When I was at camp (yes I wish I was still there, I wish I LIVED at dog camp… ugh), the lady in charge of the hikes, Sandy, said I should find a color that I can wear when I take Jet off leash so he can always spot me easily. I thought this was a really good idea. So I did some googling about what colors dogs can see.
According to this article from Psychology Today, dogs only have 2 cones in their eyes, instead of 3 like humans, so they can’t see the whole color range that we can. I’m stealing the image… I hope they don’t mind, but this is what a dog’s color vision supposedly looks like:
So according to this, maybe I should pick a darkish blue, or a yellow? I want to get a bunch of t-shirts all that color, and hats too. And I can knit some warm hats the color I pick for the winter. Get some baseball caps for the summer.
Anyway I thought I’d ask the opinion of you guys who read my blog. What color should I get so Jet can identify me off leash? Since he’s deaf in his left ear, he cannot locate me by sound.
Flyball was a lot of fun, and this weekend was a nice break from the whole dog sports thing. Sometimes I do need down time. In fact, I need a lot of down time, it seems, the older I get!
As for the title of this post… well, a week ago last Friday I took Jet to the vet. Why, you might ask? Well, for a long time now, probably for over a year, I’ve noticed something strange about Jet. Usually only when we go to the dog park or the big walking dog park, Tanner. When he could get off leash and run amok. And, like the young boy he is, he’d get excited and lose track of me. I didn’t take him to parks for about the first year of his life because of that. And because he’s a small dog and I worry about him with all the big dogs.
He was fine with the other dogs. However, sometimes it seemed as though he wasn’t able to tell where the sound of my voice was coming from. And yeah, I know that young dogs will find a smell or something that is more interesting than me, and ignore me. However, when Jet got worried, and was looking for me, it was like he couldn’t tell where the sound of my voice was coming from. In one instance he was stuck down a very short ledge by the river. And he was fighting to get out, whining, and looking for me. When I called to him… he looked exactly opposite of where I was. So this, among other things, made me wonder.
A couple of weekends ago I met my obedience trainer at a very metal, very hollow building that we had the opportunity to train in. We trial there sometimes and thought it would be a good place to train. However, the building echoed so very much, that Jet was upset and spooky and afraid. He’s never afraid! I brought up the issue of his hearing to my friend and training once again. I said maybe he has diminished hearing in one ear. She thought about it and called me later, and said she thought he was probably completely deaf in one ear.
Ugh. Well, I’m glad she told me. I was thinking of getting him BAER tested, but with all the hrmph and hawing I got from most people (not all, I had some people who did believe me) I had decided not to. Well after this conversation I changed my mind and decided to have the test done.
The Friday before the flyball tournament I did and, low and behold, Jet is completely deaf in his left ear.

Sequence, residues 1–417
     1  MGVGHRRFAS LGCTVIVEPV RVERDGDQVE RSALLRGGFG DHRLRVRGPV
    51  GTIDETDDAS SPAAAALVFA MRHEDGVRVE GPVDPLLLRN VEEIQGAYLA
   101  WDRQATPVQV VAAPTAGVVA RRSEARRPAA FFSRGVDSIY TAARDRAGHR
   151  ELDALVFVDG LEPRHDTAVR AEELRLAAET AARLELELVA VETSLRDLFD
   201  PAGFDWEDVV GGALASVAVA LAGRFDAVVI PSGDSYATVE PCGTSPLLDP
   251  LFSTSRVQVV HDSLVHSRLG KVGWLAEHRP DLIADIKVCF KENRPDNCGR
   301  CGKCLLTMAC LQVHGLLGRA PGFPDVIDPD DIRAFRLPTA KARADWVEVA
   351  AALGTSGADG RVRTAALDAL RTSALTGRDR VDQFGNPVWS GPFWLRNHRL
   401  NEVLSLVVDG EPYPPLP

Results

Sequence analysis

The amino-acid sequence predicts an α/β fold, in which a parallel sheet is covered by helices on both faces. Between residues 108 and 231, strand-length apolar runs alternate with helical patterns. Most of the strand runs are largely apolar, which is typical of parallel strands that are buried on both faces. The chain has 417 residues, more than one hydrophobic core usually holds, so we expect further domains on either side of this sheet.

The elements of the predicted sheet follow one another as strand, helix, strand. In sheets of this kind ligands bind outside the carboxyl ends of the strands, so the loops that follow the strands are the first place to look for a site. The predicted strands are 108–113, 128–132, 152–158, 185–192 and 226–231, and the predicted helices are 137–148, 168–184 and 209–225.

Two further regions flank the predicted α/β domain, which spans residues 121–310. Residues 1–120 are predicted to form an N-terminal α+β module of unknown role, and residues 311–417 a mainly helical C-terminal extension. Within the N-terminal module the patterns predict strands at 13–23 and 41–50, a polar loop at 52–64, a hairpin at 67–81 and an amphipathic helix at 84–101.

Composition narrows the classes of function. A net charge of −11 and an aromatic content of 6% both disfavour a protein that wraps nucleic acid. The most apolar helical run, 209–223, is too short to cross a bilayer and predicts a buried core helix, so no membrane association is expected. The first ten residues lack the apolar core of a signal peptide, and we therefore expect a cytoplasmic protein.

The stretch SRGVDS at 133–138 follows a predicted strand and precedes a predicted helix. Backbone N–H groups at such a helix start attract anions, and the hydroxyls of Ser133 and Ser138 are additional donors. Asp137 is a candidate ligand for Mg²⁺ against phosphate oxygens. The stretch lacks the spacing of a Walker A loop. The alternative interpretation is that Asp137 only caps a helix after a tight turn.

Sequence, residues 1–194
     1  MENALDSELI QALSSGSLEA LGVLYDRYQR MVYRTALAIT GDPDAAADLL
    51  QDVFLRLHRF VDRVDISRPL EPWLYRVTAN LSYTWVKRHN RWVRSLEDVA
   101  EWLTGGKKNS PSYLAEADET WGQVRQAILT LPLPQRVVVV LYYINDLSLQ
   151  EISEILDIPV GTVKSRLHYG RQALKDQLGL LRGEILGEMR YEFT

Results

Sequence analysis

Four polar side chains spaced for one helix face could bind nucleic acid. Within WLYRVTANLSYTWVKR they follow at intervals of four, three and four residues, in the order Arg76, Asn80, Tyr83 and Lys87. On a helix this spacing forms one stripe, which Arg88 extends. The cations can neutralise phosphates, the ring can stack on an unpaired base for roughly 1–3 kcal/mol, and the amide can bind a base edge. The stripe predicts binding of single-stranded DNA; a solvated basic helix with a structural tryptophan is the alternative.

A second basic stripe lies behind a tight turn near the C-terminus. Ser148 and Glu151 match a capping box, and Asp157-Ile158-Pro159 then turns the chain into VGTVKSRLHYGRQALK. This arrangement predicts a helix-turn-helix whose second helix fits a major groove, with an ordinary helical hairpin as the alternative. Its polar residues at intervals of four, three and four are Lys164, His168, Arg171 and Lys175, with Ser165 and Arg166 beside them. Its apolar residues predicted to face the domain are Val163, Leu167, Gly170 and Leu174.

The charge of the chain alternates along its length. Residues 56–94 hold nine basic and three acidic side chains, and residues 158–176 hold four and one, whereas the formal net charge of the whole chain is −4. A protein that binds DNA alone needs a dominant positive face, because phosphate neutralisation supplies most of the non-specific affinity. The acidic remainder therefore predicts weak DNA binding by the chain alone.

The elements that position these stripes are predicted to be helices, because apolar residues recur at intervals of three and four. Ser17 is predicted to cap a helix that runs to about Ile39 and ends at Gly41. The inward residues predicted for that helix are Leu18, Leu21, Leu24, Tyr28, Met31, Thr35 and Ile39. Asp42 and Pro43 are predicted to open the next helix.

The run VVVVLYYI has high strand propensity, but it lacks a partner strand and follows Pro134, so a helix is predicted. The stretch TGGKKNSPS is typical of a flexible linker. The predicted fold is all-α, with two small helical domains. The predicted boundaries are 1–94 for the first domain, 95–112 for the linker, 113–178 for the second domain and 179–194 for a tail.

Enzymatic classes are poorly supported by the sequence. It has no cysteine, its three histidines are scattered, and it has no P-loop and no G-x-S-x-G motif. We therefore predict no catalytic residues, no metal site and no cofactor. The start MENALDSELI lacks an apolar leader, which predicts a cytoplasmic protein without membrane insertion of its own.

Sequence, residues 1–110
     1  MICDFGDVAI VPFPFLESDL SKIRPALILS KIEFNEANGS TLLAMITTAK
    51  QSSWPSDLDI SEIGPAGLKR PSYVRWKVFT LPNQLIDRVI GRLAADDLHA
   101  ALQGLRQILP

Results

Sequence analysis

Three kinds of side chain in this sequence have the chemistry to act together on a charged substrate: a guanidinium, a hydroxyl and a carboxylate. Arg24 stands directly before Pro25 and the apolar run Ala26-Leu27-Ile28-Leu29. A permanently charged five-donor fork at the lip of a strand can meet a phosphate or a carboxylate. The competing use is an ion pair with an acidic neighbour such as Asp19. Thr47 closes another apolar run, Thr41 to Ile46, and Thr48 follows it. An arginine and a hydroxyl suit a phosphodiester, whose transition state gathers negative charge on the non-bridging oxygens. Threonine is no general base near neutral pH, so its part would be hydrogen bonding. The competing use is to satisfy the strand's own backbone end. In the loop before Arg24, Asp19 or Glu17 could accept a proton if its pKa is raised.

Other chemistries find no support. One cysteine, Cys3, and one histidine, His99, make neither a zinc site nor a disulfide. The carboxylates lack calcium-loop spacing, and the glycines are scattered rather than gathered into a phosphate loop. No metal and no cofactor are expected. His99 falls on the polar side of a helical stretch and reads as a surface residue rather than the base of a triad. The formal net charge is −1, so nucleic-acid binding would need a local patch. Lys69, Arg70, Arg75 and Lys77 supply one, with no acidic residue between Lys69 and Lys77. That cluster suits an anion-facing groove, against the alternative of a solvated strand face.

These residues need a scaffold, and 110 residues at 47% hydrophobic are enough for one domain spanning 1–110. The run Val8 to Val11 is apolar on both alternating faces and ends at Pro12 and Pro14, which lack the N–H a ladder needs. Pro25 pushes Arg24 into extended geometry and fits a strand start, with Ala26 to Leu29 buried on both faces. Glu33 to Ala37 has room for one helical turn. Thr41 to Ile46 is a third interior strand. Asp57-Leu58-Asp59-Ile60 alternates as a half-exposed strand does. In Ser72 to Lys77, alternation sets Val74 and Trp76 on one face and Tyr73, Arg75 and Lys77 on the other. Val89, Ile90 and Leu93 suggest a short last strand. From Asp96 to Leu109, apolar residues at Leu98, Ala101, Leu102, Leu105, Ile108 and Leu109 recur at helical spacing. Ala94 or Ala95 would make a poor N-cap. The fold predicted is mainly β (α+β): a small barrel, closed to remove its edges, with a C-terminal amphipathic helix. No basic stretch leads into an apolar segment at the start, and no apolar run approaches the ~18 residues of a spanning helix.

The flyball tournament distracted me from feeling one way or another. But since we’ve been back, I’ve been going back and forth between being super sad, and thinking well, it is what it is, and we just live with it. It’s really hard to know he is unilaterally deaf (deaf in one ear). If you didn’t know him really well, you couldn’t tell. It won’t affect his sports at all. He has functional hearing, so according to the AKC he can compete. I think AKC should allow bilaterally deaf (deaf in both ears) dogs to compete too, but they don’t. Hopefully that will change in the future.
I will have to take into account his unilateral deafness when we train. Like rear crosses in agility (which I have noticed he is taking longer to learn than my other dogs did), and tunnels, and other places he can’t see me well. But flyball and obedience… it shouldn’t affect him all in those sports. Nor in K9 Nose Work. And he might not be a hiking dog that goes off leash much. Mostly for his own safety. But he has enough to do to keep him entertained, I think!
Where did the deafness come from? It’s nearly impossible to know. It’s probably congenital (he had it from birth). It may be inherited, though his breeder knows of no deafness in his lines, or any other Danish-Swedish Farmdogs, for that matter. Unless I can guarantee it’s not inherited, he won’t be bred. We sure don’t need any deaf Farmdogs being bred. Gotta stop those problems when a breed is just starting, instead of trying to fix them when the breed already has it as a big problem.
So anyway, I’m getting better about dealing with it. LOL which is funny, because he deals with it just fine every day. I do wish I knew what things sounded like to him. I’ve walked around the house with my left ear plugged, and things do sound very odd, but I’m sure sound gets in that ear anyway so I don’t really know what his world sounds like. I hope he’s okay. He acts okay, he is his happy goofy carefree self. So I have to go with that and figure he’s just a fine happy boy. His happiness is paramount to me. Maybe if I hang some cute Beads on his collar, it’d make me laugh some more. But really he seems fine every day. And I just will need to make sure he’s safe and doesn’t go into scary places that will make him uncomfortable.
It’s good that I know about it now. It will help me to help him be safe and happy for his whole life. He is my baby boy.